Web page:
Heart valve surgery is a procedure used to repair or replace diseased heart valves. Over the past few years, there have been great advances in the surgical treatment of diseased heart valves by heart valve surgery. The diagnostic tests your heart doctor orders help to identify the location, type and extent of your valve disease. The results of these tests, the structure of your heart, your age, and your lifestyle will help your cardiologist, surgeon, and YOU decide what type of heart valve surgery procedure will be best for you.
Valve disease can be treated by protecting your valve from further damage, taking medications, seeing your doctor for regular visits and having heart valve surgery. During heart valve surgery, a surgeon will make an incision down the center of your sternum (breastbone) to get direct access to your heart. The surgeon then repairs or replaces your abnormal heart valve or valves.
There are two types of heart valve surgery: valve repair surgery and valve replacement surgery.
Heart valve repair surgery
The mitral valve is the most commonly repaired valve, but the aortic and tricuspid valves may also undergo some of these repair techniques.
- Common valve repairs
- Fused valve leaflets are separated to widen the valve opening
- Before commisurotomy
- After commisurutomy
Triangular Resection Mitral Valve Repair
If a portion of the mitral valve leaflet is flail (floppy), and bows back into the left atrium, a segment may be cut out and the leaflet sewn back together, allowing the valve to close more tightly. If the valve annulus is too wide, it may be reshaped or tightened by sewing a ring around the annulus (annuloplasty).
Heart valve replacement surgery
If valve repair is not an option, your surgeon may choose to replace the valve. The native valve is removed and a new valve is sewn to the annulus of your native valve. When a patient requires a heart valve replacement, two types are available – a mechanical heart valve or a valve made of animal or human tissue.
Mechanical valve replacement
Mechanical valves are manufactured from a biocompatible metal, plastic or ceramic-like material. The valve itself consists of a ring, with one or two moveable discs inside that open and close to control the flow of blood, much like a natural heart valve.
What are the advantages of mechanical valves? What are the disadvantages?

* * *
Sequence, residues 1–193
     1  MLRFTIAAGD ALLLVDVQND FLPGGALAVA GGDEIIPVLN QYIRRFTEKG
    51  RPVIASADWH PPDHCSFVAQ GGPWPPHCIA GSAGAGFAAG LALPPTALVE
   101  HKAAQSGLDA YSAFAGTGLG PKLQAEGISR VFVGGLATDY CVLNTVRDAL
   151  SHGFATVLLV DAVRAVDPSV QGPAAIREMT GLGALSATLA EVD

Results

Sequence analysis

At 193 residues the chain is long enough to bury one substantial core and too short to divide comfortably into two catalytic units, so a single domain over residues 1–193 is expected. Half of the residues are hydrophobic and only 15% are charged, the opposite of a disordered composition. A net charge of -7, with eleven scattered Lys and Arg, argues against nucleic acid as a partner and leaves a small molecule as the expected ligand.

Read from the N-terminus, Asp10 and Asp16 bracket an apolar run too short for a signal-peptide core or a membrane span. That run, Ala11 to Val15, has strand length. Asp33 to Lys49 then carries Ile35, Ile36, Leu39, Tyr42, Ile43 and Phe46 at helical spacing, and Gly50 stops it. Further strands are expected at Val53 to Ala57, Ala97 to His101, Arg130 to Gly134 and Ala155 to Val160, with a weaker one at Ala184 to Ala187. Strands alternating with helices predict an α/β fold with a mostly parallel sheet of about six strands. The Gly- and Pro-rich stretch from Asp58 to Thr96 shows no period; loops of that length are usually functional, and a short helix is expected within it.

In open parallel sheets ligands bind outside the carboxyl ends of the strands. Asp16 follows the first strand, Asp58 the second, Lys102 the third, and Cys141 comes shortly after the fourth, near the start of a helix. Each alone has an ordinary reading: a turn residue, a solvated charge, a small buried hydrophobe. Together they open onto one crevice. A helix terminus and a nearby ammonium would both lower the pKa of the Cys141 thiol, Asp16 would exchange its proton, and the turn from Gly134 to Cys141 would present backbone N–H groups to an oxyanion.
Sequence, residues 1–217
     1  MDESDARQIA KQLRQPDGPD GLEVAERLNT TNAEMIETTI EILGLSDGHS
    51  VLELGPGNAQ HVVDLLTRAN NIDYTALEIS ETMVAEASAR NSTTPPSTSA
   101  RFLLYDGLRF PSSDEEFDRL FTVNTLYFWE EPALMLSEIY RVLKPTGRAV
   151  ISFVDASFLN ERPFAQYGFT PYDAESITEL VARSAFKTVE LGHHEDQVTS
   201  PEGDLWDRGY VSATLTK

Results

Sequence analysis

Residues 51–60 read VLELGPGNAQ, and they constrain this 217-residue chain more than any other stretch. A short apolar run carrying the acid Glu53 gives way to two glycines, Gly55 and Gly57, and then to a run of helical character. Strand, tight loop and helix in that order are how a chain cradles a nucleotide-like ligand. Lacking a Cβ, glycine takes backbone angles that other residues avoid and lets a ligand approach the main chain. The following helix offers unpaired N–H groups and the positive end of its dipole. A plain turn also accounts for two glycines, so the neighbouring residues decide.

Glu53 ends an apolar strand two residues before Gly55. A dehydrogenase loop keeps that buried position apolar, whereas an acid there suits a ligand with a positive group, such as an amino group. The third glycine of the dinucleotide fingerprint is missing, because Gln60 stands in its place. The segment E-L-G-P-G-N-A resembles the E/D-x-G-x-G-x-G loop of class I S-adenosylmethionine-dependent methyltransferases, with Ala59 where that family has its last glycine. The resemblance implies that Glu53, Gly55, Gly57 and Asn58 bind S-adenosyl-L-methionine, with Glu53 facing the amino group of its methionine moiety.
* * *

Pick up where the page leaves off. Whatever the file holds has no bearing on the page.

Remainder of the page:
Mechanical valves perform well and are very durable. They usually last throughout the patient’s lifetime and do not require replacement.
On the other hand, because mechanical valves are made from metal or plastic, patients are required to take anticoagulation medication (blood thinners) throughout their lifetime to prevent the formation of blood clots. These clots could result in strokes or other serious medical problems.
Anticoagulation therapy also becomes a lifestyle issue for many patients. They must be regularly tested to ensure that the proper dosage is being administered – if it is too high, bleeding complications can result, especially bleeding into joints or internal organs. If the level is too low, the risk of stroke increases. In addition, patients must remember to take anticoagulants daily.
And because of the need for anticoagulant therapy, many patients who receive mechanical valves must maintain a special diet and refrain from physical activities that could result in injury.
Tissue valves (also called biologic or bio prosthetic valves)
What are tissue valves? How do they work?
Tissue valves are made of porcine (pig), bovine (cow) or human tissue and more closely resemble the body’s natural valves.
Tissue valves can either be “stented” or “stentless.” Much like the heart’s natural valves, tissue valves contain leaflets that control the flow of blood. A stented valve includes a frame on which the valve is mounted to provide support for the leaflets. A stentless valve is most often an actual heart valve obtained from either a human donor (homograft) or a pig (bioprosthesis) – this type of valve incorporates the “natural” leaflets found in an original heart valve.
What are the advantages of tissue valves? What are the disadvantages?
Because of their origins, tissue valves more closely mimic natural valves than mechanical valves do. As such, tissue valves typically do not require the prolonged use of anticoagulation medication and therefore may provide a better quality of life.
One key disadvantage is that because tissue valves so closely mimic the heart’s natural valves, they are also prone to the same “wearing out” and calcification that we see as heart valve disease develops. This calcification can build up on a tissue valve and result in stiffened leaflets and impaired valve function.
What is the preferred replacement valve option among physicians? Patients?
Each replacement valve is preferred for different attributes. Mechanical valves have long been the first choice for those patients that are expected to live for several years beyond the replacement of their valve, given the mechanical valve’s established track record for durability.
Historically, tissue valves have been selected primarily for more elderly patients, given that until recently; data did not exist supporting the long-term durability and functionality of these valves.
In the last five to ten years, physicians and patients are increasingly selecting tissue valves for a number of reasons:
- The worldwide population is aging, thus enlarging the pool of patients that have historically been ideal candidates for tissue valves.
- Data in support of the long-term performance and durability of tissue valves has been established and is beginning to be presented and published.
- Patients are increasingly looking for treatment options that enhance their lives, not limit it. Many see a lifelong commitment to anticoagulation therapy and monitoring as limiting.